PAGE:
As interest rates continued to fall in the early 1990s, the mortgage brokering industry expanded. Lenders were seeking increasingly faster processing times, high volume, geographic diversity, and lower overhead that they could achieve by outsourcing their origination activities. Consumers were also becoming more comfortable with the concept of using mortgage brokers rather than traditional lending institutions. By 1993, brokers were originating about 50 percent of all U.S. mortgages. The percentage remained the same through 1996, with mortgage brokers originating approximately $405 billion worth of loans.
Though the industry faced few obstacles to continued growth, one imminent threat promised to snuff out massive profit opportunities that characterized the 1980s and early 1990s—rising interest rates. Rates on long-term mortgages dipped below 7 percent in the early 1990s, at the same time that ARMs fell to less than 4 percent. Homeowners subsequently rushed to refinance their mortgages or to buy new homes. By 1994, though—after reaching 30-year lows—interest rates appeared to have stabilized and were even inching back up. In early 1997, the average mortgage rate for a 30-year loan was approximately 8.25 to 8.5 percent, while a 15-year loan was around 7.75 to 8 percent.
Brokers who had been involved in the mortgage industry for long periods of time were well aware of the cyclical nature of the business. In fact, many brokers left other jobs to participate in the industry during the refinancing boom of the late 1980s and early 1990s. Many of those same workers planned to exit or reduce their dependence on the industry as rates climbed. They would go back to real estate appraisal, commercial brokerage, insurance underwriting, or some other job and wait for the next industry upswing.
Despite the expectation of higher interest rates and waning mortgage activity, industry participants were generally optimistic about the future. The recent surge of growth had served to establish respect for brokers. Once viewed suspiciously by most lenders, brokers were now viewed as potentially excellent sources of originations. Even federal secondary marketing organizations, such as Freddie Mac, were buying brokered mortgages in 1997, and extolling the advantages of such purchases. Greater respect and acceptance of brokers by financial institutions meant that brokers would likely increase their share of the mortgage market in the mid- and late 1990s, thereby reducing the negative effects of rising interest rates.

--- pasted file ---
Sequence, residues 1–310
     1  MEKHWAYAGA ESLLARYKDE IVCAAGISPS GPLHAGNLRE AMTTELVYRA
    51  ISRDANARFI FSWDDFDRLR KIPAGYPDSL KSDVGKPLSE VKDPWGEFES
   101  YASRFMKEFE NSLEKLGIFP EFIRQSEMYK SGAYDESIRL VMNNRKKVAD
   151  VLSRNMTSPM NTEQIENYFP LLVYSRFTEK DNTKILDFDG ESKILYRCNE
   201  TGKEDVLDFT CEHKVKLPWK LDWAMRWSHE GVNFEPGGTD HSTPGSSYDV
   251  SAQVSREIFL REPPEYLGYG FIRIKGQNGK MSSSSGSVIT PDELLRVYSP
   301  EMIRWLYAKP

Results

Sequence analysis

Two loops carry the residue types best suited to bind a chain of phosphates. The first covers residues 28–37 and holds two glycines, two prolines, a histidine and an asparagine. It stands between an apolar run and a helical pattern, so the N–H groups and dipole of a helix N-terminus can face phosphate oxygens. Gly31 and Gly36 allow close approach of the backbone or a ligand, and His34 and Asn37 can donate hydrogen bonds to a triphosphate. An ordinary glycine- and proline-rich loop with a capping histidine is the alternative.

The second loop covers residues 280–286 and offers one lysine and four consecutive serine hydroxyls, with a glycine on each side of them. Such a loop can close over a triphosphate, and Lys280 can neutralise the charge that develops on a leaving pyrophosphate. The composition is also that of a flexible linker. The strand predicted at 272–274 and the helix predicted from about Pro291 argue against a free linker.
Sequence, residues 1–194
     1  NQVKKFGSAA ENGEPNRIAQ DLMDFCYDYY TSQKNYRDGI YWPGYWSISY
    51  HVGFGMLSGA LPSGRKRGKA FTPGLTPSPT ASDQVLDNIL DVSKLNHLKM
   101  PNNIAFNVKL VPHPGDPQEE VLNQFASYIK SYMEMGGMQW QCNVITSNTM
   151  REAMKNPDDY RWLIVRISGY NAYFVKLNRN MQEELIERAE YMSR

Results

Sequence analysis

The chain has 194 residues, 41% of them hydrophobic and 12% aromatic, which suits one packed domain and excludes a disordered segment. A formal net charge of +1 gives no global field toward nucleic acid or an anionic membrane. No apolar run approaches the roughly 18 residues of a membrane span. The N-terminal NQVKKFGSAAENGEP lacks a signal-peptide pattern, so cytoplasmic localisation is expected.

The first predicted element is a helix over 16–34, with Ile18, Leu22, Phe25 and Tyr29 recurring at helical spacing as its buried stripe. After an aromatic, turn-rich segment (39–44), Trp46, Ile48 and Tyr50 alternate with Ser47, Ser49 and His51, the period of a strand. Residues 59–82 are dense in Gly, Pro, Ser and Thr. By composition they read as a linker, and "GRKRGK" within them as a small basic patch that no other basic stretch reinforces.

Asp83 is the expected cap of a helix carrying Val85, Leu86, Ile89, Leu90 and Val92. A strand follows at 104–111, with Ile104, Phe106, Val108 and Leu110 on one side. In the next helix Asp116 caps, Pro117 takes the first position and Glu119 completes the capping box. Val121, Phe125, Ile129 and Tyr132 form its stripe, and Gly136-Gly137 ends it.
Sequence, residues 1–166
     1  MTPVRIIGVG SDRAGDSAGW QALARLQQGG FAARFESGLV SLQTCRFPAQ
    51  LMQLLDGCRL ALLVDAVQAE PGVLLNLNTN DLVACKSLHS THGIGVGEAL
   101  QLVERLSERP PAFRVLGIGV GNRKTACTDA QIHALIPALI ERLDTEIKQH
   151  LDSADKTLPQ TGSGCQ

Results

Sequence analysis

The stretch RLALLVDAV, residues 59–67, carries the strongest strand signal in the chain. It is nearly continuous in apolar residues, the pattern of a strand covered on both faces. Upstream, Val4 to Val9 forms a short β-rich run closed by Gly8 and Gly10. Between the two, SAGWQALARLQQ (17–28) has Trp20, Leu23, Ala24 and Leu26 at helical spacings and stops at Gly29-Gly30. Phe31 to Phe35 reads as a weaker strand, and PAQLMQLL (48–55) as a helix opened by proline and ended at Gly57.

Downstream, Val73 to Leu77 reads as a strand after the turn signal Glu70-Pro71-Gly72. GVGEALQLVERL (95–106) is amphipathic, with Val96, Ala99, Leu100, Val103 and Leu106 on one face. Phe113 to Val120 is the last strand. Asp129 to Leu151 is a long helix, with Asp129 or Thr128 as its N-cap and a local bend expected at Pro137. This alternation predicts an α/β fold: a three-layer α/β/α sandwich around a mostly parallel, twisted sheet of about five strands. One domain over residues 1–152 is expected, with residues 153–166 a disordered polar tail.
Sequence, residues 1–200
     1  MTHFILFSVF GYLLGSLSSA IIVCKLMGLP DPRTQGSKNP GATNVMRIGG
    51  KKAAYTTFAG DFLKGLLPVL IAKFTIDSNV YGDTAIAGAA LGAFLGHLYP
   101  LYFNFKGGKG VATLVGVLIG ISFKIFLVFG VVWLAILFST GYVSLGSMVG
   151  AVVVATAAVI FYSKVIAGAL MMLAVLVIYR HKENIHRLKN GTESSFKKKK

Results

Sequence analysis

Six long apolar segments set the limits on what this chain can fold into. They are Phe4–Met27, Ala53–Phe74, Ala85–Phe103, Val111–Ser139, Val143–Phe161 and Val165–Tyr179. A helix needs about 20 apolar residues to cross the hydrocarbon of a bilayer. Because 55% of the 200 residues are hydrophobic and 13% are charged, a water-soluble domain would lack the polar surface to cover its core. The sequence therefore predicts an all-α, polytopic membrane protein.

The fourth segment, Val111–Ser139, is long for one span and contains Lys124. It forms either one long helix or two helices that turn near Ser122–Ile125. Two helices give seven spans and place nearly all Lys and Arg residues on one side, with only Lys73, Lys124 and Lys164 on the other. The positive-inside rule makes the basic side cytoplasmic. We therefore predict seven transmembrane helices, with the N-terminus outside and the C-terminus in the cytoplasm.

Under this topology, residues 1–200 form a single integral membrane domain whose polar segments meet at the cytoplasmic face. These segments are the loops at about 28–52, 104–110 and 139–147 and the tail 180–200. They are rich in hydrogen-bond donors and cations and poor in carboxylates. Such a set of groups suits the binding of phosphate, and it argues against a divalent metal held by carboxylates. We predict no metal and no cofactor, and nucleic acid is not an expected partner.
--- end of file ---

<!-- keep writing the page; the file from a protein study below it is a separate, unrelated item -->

Other factors were also expected to buoy industry earnings during the inevitable down-cycle. One such influence was a lending practice called "warehousing." Warehouse lenders provide loans for other lenders to use to underwrite new mortgages. In 1993, about 25 domestic banks and a dozen foreign banks were making warehouse lines of credit available to mortgage banks and even mortgage brokers. Many more organizations were expected to begin making warehouse loans.
In the long term, the mortgage brokerage industry should proliferate as lenders increasingly outsource their originations. Because the origination business is localized and service-oriented by nature, small mom-and-pop shops will continue to dominate. Companies that under-write, sell, and service the loans that brokers originate, however, will consolidate. Only the largest, most efficient, technologically advanced lenders will remain competitive. Smaller lenders will be consumed by their larger competitors as the industry consolidates. As a result, brokers will supply increasingly fewer lenders in the 1990s and into the twenty-first century.
As the industry matures, brokers can expect to experience greater competition and lower profit margins. Fluctuating interest rates and housing starts, however, will insure periods of high profitability. Increased regulation will also play a role in the industry's evolution.